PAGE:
Republican John Shimkus announced Friday he will not seek his 13th term to the United States House of Representatives, ending his long career in Washington in January 2021.
“As Illinois candidates begin to circulate petitions next week, now is the time for me to announce that I will not be seeking re-election,” he said in a press release.
Shimkus has worked with four United States presidents: Bill Clinton, George W. Bush, Barack Obama and Donald Trump.
“It has been the honor of my lifetime to be asked by the people of Illinois to represent them in our nation’s capitol,” said Shimkus. “Each day I have tried to do this as best as I possibly could, and my success lies squarely at the feet of my incredible staff in Illinois and Washington, DC.”
Shimkus easily won his 12th term in November 2018 against Kevin Gaither of Sullivan by collecting 72 percent of the vote. He first took his seat in January 1997.
When he first sought the office he vowed to serve only 12 years, setting a six-term limit on himself. However, reports in 2005 by the Associated Press said the Republican party’s top leaders urged him to break that pledge.
“I will leave the political field knowing that I have served honorably and, with the help of many, accomplished a lot for my constituents, our state, and our nation,” Shimkus said in the release.
John W. Hursey Jr. of Collinsville recently announced he has filed the papers needed with the Federal Elections Commission to seek the seat as a Democrat. The 38-year-old Hursey says he has been involved in politics for much of his life, volunteering for various organizations, including Barack Obama’s campaign. However this is his first time running for office.
Friday’s announcement is sure to produce a field of Republican candidates for the 15th District seat that stretches across much of central and southern Illinois.
Effingham County Board Chairman Jim Niemann, a Republican, said Friday that he spent time in Washington, DC last week. He commented about Shimkus’ seniority in Congress.
“I was impressed with the level of experience and seniority that he has in Congress,” said Niemann. “He’s like No. 58 out of the 435 there.”
Niemann said he’s confident some good people will seek his seat.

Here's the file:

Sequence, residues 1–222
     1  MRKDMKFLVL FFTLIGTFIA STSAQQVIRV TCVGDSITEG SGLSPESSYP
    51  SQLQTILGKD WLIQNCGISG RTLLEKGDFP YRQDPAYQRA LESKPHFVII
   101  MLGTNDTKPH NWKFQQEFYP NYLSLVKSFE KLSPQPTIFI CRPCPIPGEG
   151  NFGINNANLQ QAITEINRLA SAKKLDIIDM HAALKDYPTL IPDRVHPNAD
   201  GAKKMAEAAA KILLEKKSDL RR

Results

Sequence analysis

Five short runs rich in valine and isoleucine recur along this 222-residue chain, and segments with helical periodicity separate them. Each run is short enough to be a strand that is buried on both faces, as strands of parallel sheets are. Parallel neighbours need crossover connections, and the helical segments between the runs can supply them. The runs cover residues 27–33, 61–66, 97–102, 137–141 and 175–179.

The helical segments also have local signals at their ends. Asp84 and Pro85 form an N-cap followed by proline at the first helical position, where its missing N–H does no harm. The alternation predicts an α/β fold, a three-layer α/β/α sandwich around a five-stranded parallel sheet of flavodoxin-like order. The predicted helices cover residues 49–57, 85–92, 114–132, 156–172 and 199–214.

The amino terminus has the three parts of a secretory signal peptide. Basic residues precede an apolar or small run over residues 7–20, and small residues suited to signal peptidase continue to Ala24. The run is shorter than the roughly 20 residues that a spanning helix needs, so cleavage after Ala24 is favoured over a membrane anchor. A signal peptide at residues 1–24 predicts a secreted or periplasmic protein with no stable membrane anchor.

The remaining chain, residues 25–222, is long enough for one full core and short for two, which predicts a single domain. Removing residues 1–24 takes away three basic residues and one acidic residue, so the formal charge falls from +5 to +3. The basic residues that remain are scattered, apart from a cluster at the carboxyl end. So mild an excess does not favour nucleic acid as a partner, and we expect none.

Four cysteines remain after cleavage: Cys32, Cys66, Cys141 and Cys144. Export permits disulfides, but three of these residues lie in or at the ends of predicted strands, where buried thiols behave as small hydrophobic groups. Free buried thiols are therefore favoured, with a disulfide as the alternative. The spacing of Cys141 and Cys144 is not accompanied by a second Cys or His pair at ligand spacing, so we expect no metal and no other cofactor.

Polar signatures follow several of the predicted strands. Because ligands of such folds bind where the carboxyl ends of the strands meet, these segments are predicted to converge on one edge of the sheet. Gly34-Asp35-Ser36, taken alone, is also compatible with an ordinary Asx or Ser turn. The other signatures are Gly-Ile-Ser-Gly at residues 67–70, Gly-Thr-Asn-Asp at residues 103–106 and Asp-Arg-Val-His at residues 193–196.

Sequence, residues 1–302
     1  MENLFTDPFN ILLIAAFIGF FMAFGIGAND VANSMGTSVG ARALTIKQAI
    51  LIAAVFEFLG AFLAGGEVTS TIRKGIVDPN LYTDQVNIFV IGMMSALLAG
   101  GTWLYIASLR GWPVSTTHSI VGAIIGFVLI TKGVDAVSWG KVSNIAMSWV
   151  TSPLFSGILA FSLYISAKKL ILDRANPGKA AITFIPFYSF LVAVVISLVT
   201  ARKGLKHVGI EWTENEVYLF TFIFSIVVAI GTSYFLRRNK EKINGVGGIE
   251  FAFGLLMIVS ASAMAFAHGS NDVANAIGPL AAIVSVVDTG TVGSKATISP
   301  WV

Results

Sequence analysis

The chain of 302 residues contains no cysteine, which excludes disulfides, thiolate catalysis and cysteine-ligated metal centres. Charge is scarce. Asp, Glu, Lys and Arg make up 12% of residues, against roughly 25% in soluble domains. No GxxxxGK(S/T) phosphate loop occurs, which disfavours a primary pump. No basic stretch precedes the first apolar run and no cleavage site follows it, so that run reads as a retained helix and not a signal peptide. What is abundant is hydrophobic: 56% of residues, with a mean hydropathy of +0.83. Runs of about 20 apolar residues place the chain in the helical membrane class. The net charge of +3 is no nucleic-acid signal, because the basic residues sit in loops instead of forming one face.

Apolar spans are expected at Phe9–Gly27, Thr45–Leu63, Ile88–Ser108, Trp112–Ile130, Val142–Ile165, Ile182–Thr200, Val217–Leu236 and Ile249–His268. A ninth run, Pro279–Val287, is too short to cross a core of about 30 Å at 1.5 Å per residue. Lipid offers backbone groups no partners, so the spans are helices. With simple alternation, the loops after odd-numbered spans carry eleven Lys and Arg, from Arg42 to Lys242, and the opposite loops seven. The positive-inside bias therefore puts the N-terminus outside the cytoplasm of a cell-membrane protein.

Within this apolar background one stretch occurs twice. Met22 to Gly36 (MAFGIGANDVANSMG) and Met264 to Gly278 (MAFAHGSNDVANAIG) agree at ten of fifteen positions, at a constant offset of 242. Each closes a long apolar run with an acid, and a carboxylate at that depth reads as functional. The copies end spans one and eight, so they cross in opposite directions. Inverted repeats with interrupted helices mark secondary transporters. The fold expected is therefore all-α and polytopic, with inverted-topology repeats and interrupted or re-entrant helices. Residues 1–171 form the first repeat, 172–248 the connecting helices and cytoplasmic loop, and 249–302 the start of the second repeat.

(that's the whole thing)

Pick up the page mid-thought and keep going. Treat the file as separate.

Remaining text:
“We won’t have quite as much access as before, but I’m confident we will have some good people from this district to represent us,” said Niemann.
Rob Arnold, Central Committee Chairman for the Republican Party in Effingham County, said Shimkus’ decision will make for a “wide open” race in Nov. 3, 2020.
“We hope we can get the strongest candidate and put them into office again,” said Arnold. “(Shimkus) always made himself available. He’s represented us well. While we are sad to see him step down, we’re looking forward to see what some new blood can do.”
Dave Seiler, vice chairman of the Effingham County Democratic Central Committee, said he has mixed feelings about the announcement.
“On one hand, I’m not surprised, but also he had indicated he would run again,” said Seiler. “It’s been a reliably conservative district for him — and easy to win.”
Seiler said Shimkus isn’t the first Republican to pull out and not seek re-election in the upcoming election.
“There are some serious problems on the Republican side and a long line of Republicans not seeking re-election,” said Seiler. “Maybe it’s just not fun to be in the minority.”
Constituent Dallas Buzzard, who considers himself “mostly Republican,” said Shimkus was in office “too long.”
“I don’t really see anything that he’s done, or at least no major accomplishments that I’m aware of, anyway,” said Buzzard, of Beecher City. “I lost respect for him during the campaign against Kyle McCarter. His campaign put out many untruths about McCarter.”
Shimkus said in a radio interview with St. Louis’ KMOX that at 61 years of age, it was time to turn the page and begin a new chapter.
“I’m not sure what I’ll do, but I’ll have more time at home with my wife,” said Shimkus. “We’ll still be involved in our nation, our state and our church.”
“Serving in Congress has been a blessing, but it has also been a sacrifice for my wife Karen, and our boys,” said Shimkus. “Now young men, David, Joshua and Daniel continue to make me proud. I regret the times I have been away from the four of them and thank them for their constant love and support.”
He continued, “My family and I thank you for allowing us the honor to serve. Our dedication to our country, our state, our church, and our community will not waiver as we embark on the next chapter of life. God bless you, and God bless America.”
Among his duties in Congress, he is a senior member of the House Energy and Commerce Committee and Republican Leader of its Environment and Climate Change Subcommittee. He also serves on the Health and Communications and Technology Subcommittees; the NG9-1-1, Recycling, Coal, Steel and Baltic Caucuses; and the NATO Parliamentary Assembly and Smithsonian Institution Board of Regents, according to his website.
He is a graduate of the United States Military Academy at West Point, in 1980. He has been active duty Army and Army Reserves. He retired from the Army after 28 years of service at the rank of Lieutenant Colonel on June 1, 2008.